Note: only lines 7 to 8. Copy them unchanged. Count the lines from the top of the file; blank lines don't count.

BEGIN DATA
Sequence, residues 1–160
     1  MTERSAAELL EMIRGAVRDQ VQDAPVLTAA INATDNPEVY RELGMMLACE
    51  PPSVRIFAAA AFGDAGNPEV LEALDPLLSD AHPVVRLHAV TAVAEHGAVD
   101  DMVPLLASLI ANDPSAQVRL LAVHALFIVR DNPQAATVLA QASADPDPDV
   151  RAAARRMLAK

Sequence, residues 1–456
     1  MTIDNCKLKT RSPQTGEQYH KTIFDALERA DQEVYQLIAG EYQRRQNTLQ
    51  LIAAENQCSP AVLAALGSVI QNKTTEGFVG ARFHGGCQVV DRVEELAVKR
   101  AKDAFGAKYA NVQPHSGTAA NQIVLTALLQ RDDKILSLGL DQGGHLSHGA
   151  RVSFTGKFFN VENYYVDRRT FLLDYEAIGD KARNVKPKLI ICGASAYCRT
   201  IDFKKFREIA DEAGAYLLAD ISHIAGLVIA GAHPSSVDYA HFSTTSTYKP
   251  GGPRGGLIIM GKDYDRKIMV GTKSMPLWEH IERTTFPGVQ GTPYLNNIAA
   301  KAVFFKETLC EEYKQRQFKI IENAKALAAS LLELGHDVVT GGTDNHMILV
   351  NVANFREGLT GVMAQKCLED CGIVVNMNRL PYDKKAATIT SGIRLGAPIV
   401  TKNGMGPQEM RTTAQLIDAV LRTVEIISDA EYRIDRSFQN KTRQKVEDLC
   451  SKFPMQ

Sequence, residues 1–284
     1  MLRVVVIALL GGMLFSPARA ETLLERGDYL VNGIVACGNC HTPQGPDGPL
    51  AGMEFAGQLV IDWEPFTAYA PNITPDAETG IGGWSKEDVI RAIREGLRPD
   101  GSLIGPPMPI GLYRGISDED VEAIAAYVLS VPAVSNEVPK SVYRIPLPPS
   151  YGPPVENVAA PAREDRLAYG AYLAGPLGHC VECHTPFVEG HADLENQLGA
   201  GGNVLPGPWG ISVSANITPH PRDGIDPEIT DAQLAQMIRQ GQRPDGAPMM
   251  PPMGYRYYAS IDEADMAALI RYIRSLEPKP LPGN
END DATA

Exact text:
     1  MTIDNCKLKT RSPQTGEQYH KTIFDALERA DQEVYQLIAG EYQRRQNTLQ
    51  LIAAENQCSP AVLAALGSVI QNKTTEGFVG ARFHGGCQVV DRVEELAVKR